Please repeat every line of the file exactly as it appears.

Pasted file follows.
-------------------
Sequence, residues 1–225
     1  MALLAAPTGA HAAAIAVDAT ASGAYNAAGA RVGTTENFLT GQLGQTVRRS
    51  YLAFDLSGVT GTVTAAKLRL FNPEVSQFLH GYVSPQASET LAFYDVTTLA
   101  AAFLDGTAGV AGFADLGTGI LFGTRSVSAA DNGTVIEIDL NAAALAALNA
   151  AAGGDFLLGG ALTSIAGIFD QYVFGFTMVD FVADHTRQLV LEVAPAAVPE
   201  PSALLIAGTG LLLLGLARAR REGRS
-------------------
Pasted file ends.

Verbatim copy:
Sequence, residues 1–225
     1  MALLAAPTGA HAAAIAVDAT ASGAYNAAGA RVGTTENFLT GQLGQTVRRS
    51  YLAFDLSGVT GTVTAAKLRL FNPEVSQFLH GYVSPQASET LAFYDVTTLA
   101  AAFLDGTAGV AGFADLGTGI LFGTRSVSAA DNGTVIEIDL NAAALAALNA
   151  AAGGDFLLGG ALTSIAGIFD QYVFGFTMVD FVADHTRQLV LEVAPAAVPE
   201  PSALLIAGTG LLLLGLARAR REGRS